Report on White Island (New Zealand) — March 1987
Scientific Event Alert Network Bulletin, vol. 12, no. 3 (March 1987)
Managing Editor: Lindsay McClelland.
White Island (New Zealand) Continued ash emission
Please cite this report as:
Global Volcanism Program, 1987. Report on White Island (New Zealand). In: McClelland, L. (ed.), Scientific Event Alert Network Bulletin, 12:3. Smithsonian Institution. https://doi.org/10.5479/si.GVP.SEAN198703-241040.
37.52°S, 177.18°E; summit elev. 321 m
All times are local (unless otherwise noted)
Several ash eruptions have occurred since geologists visited the crater on 3 February. Emissions occurred both before and after the M 6.3 earthquake on 2 March, and heavy steaming was observed on 3 March.
When geologists returned on 28 March, new ash covered at least the E half of the island to a maximum measured thickness of 20 cm, burying the 25 January block deposit E of 1978 Crater. Ash was predominantly lithic with a minor fresh magmatic component. Congress Vent had enlarged 2-3 times in diameter and expanded W across the floor of 1978 Crater, forming a vertical-walled, flat-floored, circular shaft ~50 m deep. On 28 March, ash and high-pressure gas emission was occurring from a several-meter-wide, sub-horizontal, pipe-like opening in the NW wall. The pipe remained incandescent red during an hour of observation. Temperatures of two fumaroles E of 1978 Crater were measured on 28 March: one had decreased from 343 to 180°C since 3 February and the second had increased from 244 to 280°C.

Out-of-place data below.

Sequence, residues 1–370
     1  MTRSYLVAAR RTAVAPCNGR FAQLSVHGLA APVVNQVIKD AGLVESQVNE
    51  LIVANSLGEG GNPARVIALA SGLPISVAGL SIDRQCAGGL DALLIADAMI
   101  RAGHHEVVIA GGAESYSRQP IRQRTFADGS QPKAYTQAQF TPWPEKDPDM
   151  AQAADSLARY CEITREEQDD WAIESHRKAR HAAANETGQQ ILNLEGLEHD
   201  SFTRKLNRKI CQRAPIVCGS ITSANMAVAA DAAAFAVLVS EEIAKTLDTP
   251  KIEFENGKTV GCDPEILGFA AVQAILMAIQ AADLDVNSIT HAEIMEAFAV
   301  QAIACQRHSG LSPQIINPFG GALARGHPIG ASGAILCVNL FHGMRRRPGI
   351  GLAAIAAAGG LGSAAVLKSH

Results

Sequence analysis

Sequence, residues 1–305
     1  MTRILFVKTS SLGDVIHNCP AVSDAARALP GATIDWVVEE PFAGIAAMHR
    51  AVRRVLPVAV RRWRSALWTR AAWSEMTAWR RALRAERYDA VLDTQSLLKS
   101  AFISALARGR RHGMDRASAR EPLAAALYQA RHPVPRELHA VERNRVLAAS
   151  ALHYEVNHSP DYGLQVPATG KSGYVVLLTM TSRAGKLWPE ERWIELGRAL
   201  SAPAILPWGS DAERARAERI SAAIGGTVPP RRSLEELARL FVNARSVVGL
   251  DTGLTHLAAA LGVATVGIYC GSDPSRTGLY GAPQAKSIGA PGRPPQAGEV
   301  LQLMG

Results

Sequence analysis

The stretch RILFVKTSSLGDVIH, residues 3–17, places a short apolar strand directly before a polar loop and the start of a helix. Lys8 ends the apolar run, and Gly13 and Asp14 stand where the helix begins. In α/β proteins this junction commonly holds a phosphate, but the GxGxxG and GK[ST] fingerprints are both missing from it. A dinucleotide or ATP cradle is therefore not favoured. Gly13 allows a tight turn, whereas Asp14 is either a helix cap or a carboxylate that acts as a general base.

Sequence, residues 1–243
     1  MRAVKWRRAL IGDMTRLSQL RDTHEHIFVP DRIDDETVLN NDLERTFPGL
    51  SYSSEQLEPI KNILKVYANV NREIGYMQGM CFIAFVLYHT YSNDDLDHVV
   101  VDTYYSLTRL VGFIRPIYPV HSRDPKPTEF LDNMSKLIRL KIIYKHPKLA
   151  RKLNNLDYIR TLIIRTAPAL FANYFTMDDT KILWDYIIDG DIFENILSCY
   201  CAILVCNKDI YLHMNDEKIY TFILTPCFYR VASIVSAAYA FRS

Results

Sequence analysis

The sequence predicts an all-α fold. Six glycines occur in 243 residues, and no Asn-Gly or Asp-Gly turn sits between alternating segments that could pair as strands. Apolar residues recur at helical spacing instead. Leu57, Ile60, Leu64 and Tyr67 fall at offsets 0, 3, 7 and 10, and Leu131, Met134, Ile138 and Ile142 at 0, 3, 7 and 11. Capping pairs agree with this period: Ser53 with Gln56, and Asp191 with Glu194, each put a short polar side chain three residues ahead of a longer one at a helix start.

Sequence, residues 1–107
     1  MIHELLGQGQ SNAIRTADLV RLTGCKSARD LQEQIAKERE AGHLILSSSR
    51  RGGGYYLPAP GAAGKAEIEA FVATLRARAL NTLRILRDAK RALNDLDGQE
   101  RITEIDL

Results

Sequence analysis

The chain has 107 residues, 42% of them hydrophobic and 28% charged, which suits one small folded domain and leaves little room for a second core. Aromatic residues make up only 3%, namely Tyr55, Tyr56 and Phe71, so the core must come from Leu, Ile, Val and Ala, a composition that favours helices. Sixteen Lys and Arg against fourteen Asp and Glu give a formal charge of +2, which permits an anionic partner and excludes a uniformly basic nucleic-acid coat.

Significant tremor was recorded on the White Island seismograph 17 February-11 March and 21-22 March. Small to moderate low-frequency volcanic earthquakes (B-type) dominated activity during periods without tremor. A few high-frequency volcano-tectonic events accompanied the B-type events. Small earthquakes, possibly eruption (E-type) were recorded on 20 February, and 23, 26, and 27 March. On 28 March a small E-type earthquake that was followed by 10 minutes of low-amplitude tremor was associated with a moderate ash eruption between 1000 and 1020 during the geologists' visit.
Geologic Background. Uninhabited 2 x 2.4 km White Island, one of New Zealand's most active volcanoes, is the emergent summit of a 16 x 18 km submarine volcano in the Bay of Plenty about 50 km offshore of North Island. The island consists of two overlapping andesitic-to-dacitic stratovolcanoes; the summit crater appears to be breached to the SE, because the shoreline corresponds to the level of several notches in the SE crater wall. Volckner Rocks, four sea stacks that are remnants of a lava dome, lie 5 km NNE. Intermittent moderate phreatomagmatic and strombolian eruptions have occurred throughout the short historical period beginning in 1826, but its activity also forms a prominent part of Maori legends. Formation of many new vents during the 19th and 20th centuries has produced rapid changes in crater floor topography. Collapse of the crater wall in 1914 produced a debris avalanche that buried buildings and workers at a sulfur-mining project.
Information Contacts: I. Nairn, NZGS Rotorua.